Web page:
If you thrive on change, and challenges, then finance is a good place to find it.
I never intended to work in finance, I stumbled into it! I studied computer science and thought I’d end up in a software house, but after a year-long pre-university work placement in one, I discovered that that wasn’t quite for me. I did a summer work placement in an investment bank after my first year at university, which I ended up really enjoying. That led to an internship, and then a graduate position.
Right from my very first interviews I was impressed with the people - very straightforward, open, and clearly all knowledgeable in their fields. That continued into my first few days. I find that in general everything is run like a well organized ship - efficiently, economically, and with a real sense of teamwork and collaboration.
Technology within finance is not just technology for technology’s sake - you are exposed to a fast-paced, dynamic industry, which means your technology has to be fast-paced and dynamic to keep up with the changing business models and requirements. Commercial awareness and an interest in the underlying business are necessary if you’re going to be able to really add value in the job you do. The nature of the banking business makes for hard work, but if you find a role and a division that suit you and offer you something that will keep you motivated, you’ll find it that much easier. If you thrive on change, and challenges, then finance is a good place to find it.
I lead one of the ‘Mission Control’ teams in Equities Technology, for the Goldman Sachs Electronic Trading (GSET) desk. Mission Control is sort of a central hub within the electronic trading area. On any given day we will be speaking to external clients, the trading desk, various development teams responsible for sub-sections of the flow, middle office teams responsible for booking out the trades, and possibly even compliance. It’s a great place to get an understanding of the business and what our clients are trying to do. We sit on the trading floor so we get a real-time view on what’s happening in the markets and the industry in general.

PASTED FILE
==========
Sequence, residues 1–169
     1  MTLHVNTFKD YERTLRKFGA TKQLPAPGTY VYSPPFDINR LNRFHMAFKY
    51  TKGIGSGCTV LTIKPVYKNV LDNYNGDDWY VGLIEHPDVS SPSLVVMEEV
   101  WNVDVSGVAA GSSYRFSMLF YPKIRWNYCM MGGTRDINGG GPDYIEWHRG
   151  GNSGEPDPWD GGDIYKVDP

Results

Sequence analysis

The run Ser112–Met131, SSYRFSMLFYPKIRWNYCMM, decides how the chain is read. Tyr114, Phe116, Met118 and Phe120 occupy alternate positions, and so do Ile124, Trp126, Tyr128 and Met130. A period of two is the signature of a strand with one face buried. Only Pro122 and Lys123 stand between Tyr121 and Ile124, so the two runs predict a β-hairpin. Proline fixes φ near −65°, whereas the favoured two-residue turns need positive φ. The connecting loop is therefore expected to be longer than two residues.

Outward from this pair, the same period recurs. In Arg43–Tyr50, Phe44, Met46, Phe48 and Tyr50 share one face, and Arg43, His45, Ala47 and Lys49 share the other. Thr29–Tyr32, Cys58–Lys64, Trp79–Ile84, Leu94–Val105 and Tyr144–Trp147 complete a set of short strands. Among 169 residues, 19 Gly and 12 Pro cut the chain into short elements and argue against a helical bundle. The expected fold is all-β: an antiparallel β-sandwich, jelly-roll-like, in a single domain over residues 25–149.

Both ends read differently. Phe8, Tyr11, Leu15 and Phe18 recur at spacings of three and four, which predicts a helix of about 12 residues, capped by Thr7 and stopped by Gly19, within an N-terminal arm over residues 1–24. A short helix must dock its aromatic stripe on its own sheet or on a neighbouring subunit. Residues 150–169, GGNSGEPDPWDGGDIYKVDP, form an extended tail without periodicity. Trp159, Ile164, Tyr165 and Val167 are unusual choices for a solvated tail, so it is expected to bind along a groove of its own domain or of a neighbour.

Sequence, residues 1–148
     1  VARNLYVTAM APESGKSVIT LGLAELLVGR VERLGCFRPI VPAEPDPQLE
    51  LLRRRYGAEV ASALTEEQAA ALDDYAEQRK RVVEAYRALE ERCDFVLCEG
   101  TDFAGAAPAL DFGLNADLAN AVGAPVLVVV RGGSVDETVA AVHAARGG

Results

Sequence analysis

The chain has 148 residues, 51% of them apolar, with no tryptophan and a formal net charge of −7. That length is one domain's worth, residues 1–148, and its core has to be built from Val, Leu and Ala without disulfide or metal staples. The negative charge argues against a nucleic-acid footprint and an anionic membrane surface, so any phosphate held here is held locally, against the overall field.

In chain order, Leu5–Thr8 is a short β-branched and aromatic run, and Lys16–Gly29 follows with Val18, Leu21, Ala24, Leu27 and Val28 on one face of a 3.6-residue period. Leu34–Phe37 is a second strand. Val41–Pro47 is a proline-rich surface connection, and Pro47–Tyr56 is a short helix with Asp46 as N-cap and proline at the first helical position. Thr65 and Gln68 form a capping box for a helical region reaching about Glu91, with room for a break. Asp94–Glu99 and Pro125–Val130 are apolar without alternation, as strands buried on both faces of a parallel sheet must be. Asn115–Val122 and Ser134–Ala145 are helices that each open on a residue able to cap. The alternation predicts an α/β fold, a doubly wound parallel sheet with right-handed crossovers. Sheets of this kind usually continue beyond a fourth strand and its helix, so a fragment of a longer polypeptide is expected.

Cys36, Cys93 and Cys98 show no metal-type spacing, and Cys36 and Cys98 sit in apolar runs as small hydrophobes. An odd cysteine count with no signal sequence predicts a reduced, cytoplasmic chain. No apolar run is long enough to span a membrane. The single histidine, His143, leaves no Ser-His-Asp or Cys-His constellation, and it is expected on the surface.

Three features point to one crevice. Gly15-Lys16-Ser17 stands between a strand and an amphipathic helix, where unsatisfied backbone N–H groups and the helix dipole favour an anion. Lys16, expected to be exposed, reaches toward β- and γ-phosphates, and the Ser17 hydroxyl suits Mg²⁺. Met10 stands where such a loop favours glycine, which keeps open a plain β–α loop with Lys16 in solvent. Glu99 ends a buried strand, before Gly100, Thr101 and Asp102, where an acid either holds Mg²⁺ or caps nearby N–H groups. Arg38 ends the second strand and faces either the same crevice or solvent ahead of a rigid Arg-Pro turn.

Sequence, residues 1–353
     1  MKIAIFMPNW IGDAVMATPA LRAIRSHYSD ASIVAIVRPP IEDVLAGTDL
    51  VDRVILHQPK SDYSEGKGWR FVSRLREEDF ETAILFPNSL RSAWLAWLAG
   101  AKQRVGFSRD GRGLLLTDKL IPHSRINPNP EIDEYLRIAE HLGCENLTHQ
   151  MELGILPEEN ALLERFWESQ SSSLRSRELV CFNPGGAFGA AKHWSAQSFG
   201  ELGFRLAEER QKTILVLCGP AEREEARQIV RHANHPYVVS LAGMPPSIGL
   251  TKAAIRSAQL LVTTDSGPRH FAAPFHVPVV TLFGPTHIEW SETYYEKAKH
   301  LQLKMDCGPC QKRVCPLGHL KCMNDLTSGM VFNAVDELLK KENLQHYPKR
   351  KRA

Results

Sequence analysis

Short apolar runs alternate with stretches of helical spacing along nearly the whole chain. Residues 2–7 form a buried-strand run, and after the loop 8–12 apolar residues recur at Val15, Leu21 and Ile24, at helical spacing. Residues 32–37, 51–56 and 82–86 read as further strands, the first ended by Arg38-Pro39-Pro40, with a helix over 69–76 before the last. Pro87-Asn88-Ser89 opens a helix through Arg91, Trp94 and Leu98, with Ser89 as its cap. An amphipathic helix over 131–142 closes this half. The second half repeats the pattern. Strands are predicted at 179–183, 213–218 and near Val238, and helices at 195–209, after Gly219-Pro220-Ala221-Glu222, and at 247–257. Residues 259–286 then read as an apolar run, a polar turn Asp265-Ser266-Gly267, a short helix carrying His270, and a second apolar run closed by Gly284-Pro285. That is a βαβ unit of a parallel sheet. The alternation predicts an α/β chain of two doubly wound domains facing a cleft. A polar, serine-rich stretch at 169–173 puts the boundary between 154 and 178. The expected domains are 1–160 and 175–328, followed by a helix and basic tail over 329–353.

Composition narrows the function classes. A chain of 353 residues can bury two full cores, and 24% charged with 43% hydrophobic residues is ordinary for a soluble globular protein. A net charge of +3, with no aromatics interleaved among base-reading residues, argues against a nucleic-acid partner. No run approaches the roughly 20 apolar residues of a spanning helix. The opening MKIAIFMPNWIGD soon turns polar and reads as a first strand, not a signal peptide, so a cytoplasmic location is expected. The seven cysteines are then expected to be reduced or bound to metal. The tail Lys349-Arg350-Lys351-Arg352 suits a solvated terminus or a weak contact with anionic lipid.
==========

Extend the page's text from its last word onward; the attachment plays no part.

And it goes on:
Our key focus at the moment is on improving our operational efficiency across the Mission Control teams. Operational efficiency is about looking at the things we do in our day-to-day and finding smarter ways to do them – whether through automation of manual tasks or investing in appropriate tools and applications to make those tasks easier. I therefore spend a lot of time doing analysis on what we’re doing as a team and what we need to change to get the biggest benefits.
There’s a mixture of team-based and individual work in our team. When investigating a particular problem, you often end up looping in various subject matter experts so you have a number of people looking at the same issue from different perspectives, trying to find the root cause of the problem. This is particularly true when there are system outages, either internal or external—at exchanges, for example. These problems affect large proportions of the order flow, and we get “virtual teams” together on conference calls to restore service as quickly as possible.
There is a real emphasis here on developing you as an individual and advancing your career. If you are willing to take responsibility and want to move ahead, you will definitely be given responsibilities and assignments intended to help you do so. Right from my first interviews, I was told about the internal mobility programs and how the firm wants you to be able to move across roles and teams as part of your development. I joined the firm three years ago, and two of my original team members have had mobility changes—one moved to join a technology team in our New York office, and one moved into the electronic trading business team.